In response to North Korea’s actions, China urged “restraint” by all parties and called for an emergency session of the six-party talks involving the two Koreas, China, Japan, Russia, and the United States. Wu Dawei, Chinese special representative on Korean peninsular affairs, told reporters in Beijing Nov. 28 that, “after careful studies,” Beijing proposed such talks “to exchange views on major issues of concern to the parties at present.” The six-party talks have been held intermittently since 2003 to negotiate the denuclearization of the Korean peninsula.
Washington, Seoul, and Tokyo rebuffed the Chinese call for talks, calling for changes in North Korean behavior first.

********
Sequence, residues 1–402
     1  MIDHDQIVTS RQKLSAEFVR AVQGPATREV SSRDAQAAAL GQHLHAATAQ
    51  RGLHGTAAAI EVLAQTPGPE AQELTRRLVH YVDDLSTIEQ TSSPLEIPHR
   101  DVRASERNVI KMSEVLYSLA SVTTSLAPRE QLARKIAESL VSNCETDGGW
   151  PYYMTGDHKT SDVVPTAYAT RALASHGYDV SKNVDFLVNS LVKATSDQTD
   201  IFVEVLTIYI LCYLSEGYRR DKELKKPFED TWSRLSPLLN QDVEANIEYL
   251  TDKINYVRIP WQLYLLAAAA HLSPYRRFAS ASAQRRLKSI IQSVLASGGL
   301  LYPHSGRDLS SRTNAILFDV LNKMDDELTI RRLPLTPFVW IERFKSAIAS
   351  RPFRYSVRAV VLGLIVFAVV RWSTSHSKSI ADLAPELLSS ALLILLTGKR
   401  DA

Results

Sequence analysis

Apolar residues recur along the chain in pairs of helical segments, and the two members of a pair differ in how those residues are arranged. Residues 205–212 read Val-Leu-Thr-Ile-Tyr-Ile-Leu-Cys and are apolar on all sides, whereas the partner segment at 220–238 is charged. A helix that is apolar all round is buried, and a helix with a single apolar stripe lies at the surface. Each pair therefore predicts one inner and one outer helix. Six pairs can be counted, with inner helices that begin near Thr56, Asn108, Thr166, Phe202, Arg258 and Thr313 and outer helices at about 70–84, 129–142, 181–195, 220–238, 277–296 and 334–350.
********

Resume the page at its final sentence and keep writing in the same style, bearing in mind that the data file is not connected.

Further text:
“We remain committed to seeking opportunities for dialogue,” Clinton said alongside her counterparts, “but we will not reward North Korea for shattering the peace or defying the international community.”
She added that the three countries agreed that relations between the two Koreas must improve and Pyongyang must take steps to implement prior denuclearization commitments before the six-party talks could resume.
Although the three allies outlined steps that they expected North Korea to take prior to the resumption of negotiations, they also called for the full implementation of UN sanctions against Pyongyang, highlighting China’s role in that effort.
Citing China in particular, U.S. Permanent Representative to the United Nations Susan Rice told reporters Nov. 29 that implementing the UN sanctions is “in the interest of the countries in the region, and we expect them to take steps that are consistent with their obligations and all of our obligations under UN Security Council resolutions, and to work, as we all must, to uphold them and implement them.”